Yesterday afternoon I confirmed with Hyatt Gold Passport that there is a new Diamond challenge effective through April 30, 2016. The key message is that this is not a public offer — it’s not published on the Hyatt website and continues to be used as a sales tool for targeted customers — but other people who are aware of the offer are still able to request it by calling Hyatt Gold Passport.
Hyatt has made several changes to their Diamond challenge and for understandable reasons. The old challenge provided Diamond status and four Diamond suite upgrades up front, before you completed the challenge, so some people would just sign up before a big vacation. And even though evidence of elite status in another program was required, it was a low bar.
The new program does away with the elite status requirement entirely. Instead, it postpones most of the benefits until after the challenge is completed, making it more of a “fast track.” No upgrades and no status unless you actually complete what you signed up for. I think it’s a reasonable compromise, and I’m glad that Hyatt is making it available to members of the public who aren’t necessarily targeted.
Here are the details of the current Diamond Fast Track, available through April 30, 2016:
- No competing status from another program is required to qualify for the Diamond Fast Track.
- Gold Passport members must complete 12 qualifying nights within a 60-day period in order to receive Diamond status. If status is granted, it will be valid through February 28, 2017.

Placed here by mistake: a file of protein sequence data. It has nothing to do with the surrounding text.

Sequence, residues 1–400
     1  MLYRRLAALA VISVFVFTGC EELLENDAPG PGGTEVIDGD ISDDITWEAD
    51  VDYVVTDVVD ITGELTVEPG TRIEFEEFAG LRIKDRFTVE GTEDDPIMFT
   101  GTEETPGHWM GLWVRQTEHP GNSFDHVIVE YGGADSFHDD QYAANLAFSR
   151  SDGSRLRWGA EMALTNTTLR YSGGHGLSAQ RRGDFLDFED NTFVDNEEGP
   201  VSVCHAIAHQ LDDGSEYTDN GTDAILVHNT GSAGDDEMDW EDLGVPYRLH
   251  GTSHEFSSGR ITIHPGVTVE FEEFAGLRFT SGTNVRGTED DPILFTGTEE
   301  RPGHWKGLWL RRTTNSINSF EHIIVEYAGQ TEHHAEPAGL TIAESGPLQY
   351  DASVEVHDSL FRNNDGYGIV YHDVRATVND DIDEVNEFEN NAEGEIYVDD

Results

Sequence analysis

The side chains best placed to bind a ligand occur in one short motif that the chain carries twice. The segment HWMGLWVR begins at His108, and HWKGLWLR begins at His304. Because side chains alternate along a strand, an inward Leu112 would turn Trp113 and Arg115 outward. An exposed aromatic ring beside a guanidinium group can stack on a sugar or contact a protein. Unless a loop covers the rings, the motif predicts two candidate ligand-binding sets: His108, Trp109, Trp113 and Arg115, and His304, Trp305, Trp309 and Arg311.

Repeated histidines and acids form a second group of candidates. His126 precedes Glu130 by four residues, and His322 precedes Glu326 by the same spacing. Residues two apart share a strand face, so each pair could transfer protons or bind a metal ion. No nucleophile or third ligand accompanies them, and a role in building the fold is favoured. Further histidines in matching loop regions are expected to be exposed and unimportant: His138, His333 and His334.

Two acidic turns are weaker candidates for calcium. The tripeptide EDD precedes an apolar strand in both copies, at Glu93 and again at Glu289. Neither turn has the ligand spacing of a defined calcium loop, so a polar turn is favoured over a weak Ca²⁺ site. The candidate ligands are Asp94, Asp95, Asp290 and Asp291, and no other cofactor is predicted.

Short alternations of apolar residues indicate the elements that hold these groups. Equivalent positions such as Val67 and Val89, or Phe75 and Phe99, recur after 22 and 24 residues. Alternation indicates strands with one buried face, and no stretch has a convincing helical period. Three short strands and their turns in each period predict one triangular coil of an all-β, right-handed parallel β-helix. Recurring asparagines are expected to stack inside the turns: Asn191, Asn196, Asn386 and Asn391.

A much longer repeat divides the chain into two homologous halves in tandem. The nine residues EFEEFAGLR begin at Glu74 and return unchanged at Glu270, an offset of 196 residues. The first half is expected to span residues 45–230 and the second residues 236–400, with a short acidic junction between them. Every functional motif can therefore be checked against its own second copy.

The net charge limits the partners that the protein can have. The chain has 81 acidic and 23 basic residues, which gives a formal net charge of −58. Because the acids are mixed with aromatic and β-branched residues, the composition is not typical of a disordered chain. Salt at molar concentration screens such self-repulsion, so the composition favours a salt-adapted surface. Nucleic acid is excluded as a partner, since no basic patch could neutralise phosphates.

- Gold Passport members who fail to achieve 12 qualifying nights but do achieve 6 nights will receive Platinum status.
- If you already have Platinum status, you are still eligible to attempt the Diamond Fast Track, but you don’t get a lower threshold. It’s still 12 qualifying nights.
- Only qualifying nights count. These are typically booked through Hyatt, not an online travel agency, and do not include award nights. Stays at MGM hotels do not count.
These are pretty good terms. It’s not easy, but neither is it onerous.Hyatt has updated the offer to make it more appealing to those who actually become loyal, long-term customers. I think it’s a great offer if you fall within that target market. If you’re just looking for an upgrade on your next vacation with points and miles, there’s nothing wrong with that, but you’ll probably be better off just paying for an upgrade than trying to mattress run your way to status. Even award stays sometimes have a buy-up option if you ask the hotel before (or when) you arrive.
The Platinum status offer doesn’t have much appeal, however. Platinum status is already easy to obtain with a Hyatt credit card, or by completing 5 stays or 15 nights at any time during the year. It also doesn’t offer much in the way of guaranteed benefits now that Hyatt gives all guests free WiFi.
By contrast, I think the benefits of Diamond status are pretty great. Four suite upgrades per year that you can confirm at the time of booking, each valid for up to 7 days. Free lounge access (or if there is no lounge, a full breakfast). 4 PM late check-out. And 30% bonus points. Next to my Alaska Airlines MVP Gold status it’s my most valuable travel benefit.
Be sure to take advantage of the current Hyatt promotion that lets you earn up to 65,000 bonus Gold Passport points if you decide to go for the Fast Track offer. With those 12 qualifying nights under your belt you’ll be well on your way to the first promotional tier, which offers 20,000 bonus points after 15 nights. It’s a great way to stack multiple offers and multiply the rewards of hotel loyalty.